ViewSonic offers a fairly broad range of flat-panel displays, including the VP2030b that we received for this roundup. The ViewSonic VP2030b is a 20.1" 4:3 aspect ratio monitor with a native resolution of 1600x1200 and a fairly speedy response time of 8ms gray-to-gray. The VP2030b is based on a TFT active-matrix panel with a 0.255mm dot pitch. The vendor-provided brightness rating is 300 cd/m2 , and the contrast rating is 1000:1 (typical).

Aside from some slight flickering, the VP2030b LCD from ViewSonic is a very good monitor.
Aside from some slight flickering, the VP2030b LCD from ViewSonic is a very good monitor.

The ViewSonic VP2030b is mounted on a moderately stable stand, though some wiggle was evident when the stand was extended to its full height and the panel was in vertical mode. The amount of wiggle was not extreme, but was noticeable when the stand was extended.

The on-screen menu offers a clean, easily understandable structure and is easy to use and to navigate. The various monitor controls are accessed by five difficult-to-see black control buttons at the bottom center of the front bezel. The buttons control menu, contrast/brightness/down, contrast/brightness/up, input selector and power with a LED indicator.

Both brightness and contrast were very good, which was immediately obvious on powering up the display. The ratings I assigned for both of these characteristics are excellent. Also excellent were focus, convergence, geometric distortion and raster rotation. To make it a full sweep, the VP2030b has color purity that I can only call outstanding. Displayed grays are neutral, with very little banding visible on grayscale gradation tests that range from pure white to solid black. With excellent brightness and contrast, the clean color purity of the ViewSonic VP2030b display make for a visually handsome presentation.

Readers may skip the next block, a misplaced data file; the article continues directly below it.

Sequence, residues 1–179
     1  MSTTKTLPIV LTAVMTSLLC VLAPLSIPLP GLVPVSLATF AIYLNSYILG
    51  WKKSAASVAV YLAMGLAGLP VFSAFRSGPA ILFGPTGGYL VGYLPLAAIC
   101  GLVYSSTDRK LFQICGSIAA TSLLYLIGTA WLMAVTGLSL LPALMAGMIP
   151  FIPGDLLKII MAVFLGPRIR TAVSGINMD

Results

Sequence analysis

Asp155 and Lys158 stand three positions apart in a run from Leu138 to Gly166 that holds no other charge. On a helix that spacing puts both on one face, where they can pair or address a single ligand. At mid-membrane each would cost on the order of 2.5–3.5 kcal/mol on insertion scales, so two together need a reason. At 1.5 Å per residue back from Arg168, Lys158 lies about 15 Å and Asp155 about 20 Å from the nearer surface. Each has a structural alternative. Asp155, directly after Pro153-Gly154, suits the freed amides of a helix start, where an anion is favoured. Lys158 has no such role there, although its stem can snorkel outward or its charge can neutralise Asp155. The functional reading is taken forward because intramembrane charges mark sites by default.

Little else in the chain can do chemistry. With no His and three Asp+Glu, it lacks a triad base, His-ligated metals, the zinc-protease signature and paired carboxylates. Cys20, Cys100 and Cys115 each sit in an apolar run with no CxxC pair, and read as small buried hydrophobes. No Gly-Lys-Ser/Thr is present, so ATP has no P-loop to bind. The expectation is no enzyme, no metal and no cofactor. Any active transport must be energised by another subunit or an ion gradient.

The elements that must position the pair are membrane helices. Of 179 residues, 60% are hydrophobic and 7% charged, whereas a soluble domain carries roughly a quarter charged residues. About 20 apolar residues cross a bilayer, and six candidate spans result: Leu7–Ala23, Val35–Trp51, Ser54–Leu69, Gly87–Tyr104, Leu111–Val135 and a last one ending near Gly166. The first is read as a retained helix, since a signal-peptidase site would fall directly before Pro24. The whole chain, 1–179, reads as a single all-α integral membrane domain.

All is not perfection, alas. On some parts of the DisplayMate test that use very fine patterns and closely spaced parallel lines, I saw some slight flicker. The flicker was not obvious during what I would consider normal use of the display. The flicker did not result in a deduction, but it did drop the rating to A, rather than the A+ the monitor would have otherwise received. All monitors were tested in the same position in the same environment, driven by the same display card and system-level graphics driver.

The ViewSonic VP2030b ships with two CDs that include LCD control software with Perfect Portrait and the ViewSonic Wizard software, as well as a user guide and installation software for the monitor drivers and configuration files.

The VP2030b is priced at a midrange $679. It carries a three-year limited warranty on parts, labor and the backlight.

Ron LaFon, a contributing editor for Cadalyst, is a writer, editor and computer graphics and electronic publishing specialist from Atlanta, Georgia. He is a principal at 3Bear Productions in Atlanta.

About the Author: Ron LaFon